If this is true, this could be one of the most spectacular failure in theoretical physics in quite a while. A whole "cottage industry" has been built around supersymmetry, and many students have gotten PhDs in it. But more importantly, let this be a lesson to anyone coming up with theories that have yet to be verified, or can't be verified by any reasonable means in the foreseeable future. You hear that, string theorists?


Hurricane Physics

With Hurricane Irene bearing down on the east coast of the US right this very minute, the rest of us who have the luxury of not evacuating or worrying about it can follow its progress and also understands a little bit of the physics associated with such weather phenomenon.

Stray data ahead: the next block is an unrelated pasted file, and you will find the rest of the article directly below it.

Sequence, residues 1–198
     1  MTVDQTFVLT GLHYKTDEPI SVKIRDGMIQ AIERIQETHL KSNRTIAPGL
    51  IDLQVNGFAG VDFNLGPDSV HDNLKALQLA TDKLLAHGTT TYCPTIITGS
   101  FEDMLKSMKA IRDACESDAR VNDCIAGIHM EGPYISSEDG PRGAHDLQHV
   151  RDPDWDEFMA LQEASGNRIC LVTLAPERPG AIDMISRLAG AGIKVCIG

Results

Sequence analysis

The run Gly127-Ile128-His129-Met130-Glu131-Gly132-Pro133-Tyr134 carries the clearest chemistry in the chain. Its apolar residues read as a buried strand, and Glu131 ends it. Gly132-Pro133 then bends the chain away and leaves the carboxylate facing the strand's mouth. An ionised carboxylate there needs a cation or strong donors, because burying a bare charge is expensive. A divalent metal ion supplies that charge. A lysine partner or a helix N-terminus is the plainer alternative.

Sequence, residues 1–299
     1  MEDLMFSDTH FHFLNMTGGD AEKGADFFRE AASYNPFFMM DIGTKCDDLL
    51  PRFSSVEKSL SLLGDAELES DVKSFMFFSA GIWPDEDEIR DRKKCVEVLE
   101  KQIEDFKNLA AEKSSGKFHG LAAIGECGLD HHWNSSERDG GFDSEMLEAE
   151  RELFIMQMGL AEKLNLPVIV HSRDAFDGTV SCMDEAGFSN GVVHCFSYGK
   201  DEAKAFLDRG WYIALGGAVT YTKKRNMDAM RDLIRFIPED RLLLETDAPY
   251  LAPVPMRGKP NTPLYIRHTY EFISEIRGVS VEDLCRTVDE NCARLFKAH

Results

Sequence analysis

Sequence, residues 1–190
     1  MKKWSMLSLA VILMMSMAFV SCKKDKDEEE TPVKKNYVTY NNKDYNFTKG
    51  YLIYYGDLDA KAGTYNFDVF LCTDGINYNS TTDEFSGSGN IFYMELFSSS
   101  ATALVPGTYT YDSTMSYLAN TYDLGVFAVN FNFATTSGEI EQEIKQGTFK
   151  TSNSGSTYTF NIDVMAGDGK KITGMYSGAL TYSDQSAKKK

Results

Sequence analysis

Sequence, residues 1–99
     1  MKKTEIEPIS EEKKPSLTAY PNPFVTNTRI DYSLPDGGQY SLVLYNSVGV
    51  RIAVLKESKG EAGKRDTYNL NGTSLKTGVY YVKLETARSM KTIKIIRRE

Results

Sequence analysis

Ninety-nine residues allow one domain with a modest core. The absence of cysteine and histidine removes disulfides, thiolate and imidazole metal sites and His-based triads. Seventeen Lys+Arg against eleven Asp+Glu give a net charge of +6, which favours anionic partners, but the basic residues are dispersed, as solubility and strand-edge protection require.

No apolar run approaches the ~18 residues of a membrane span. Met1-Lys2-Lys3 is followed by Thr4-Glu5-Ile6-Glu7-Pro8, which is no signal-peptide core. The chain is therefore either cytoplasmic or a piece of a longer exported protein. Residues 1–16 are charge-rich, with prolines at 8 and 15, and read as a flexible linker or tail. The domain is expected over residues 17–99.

In any case, our thoughts are with those who are enduring, or about to endure this storm.


Friday, August 26, 2011

Neutrinos and Antineutrinos - Maybe Not So Different After All

The latest report out of the MINOS experiment seems to pull back a bit from their earlier report of the difference between neutrinos and antineutrinos mass oscillation.

“This more precise measurement shows us that these particles and their antimatter partners are very likely not as different as indicated earlier. Within our current range of vision it now seems more likely that the universe is behaving the way most people think it does," said Rob Plunkett, Fermilab scientist and co-spokesman of MINOS. “This new, additional information on antineutrino parameters helps put limits on new physics, which will continue to be searched for by future planned experiments.”
 Hum... so are they "correcting" their earlier paper?


Thursday, August 25, 2011

A Simple Explanation of The Standard Model

Maybe you haven't understood what is meant by "The Standard Model" of particle physics, or haven't come across a simple explanation of what it is. Well, this could be your lucky day.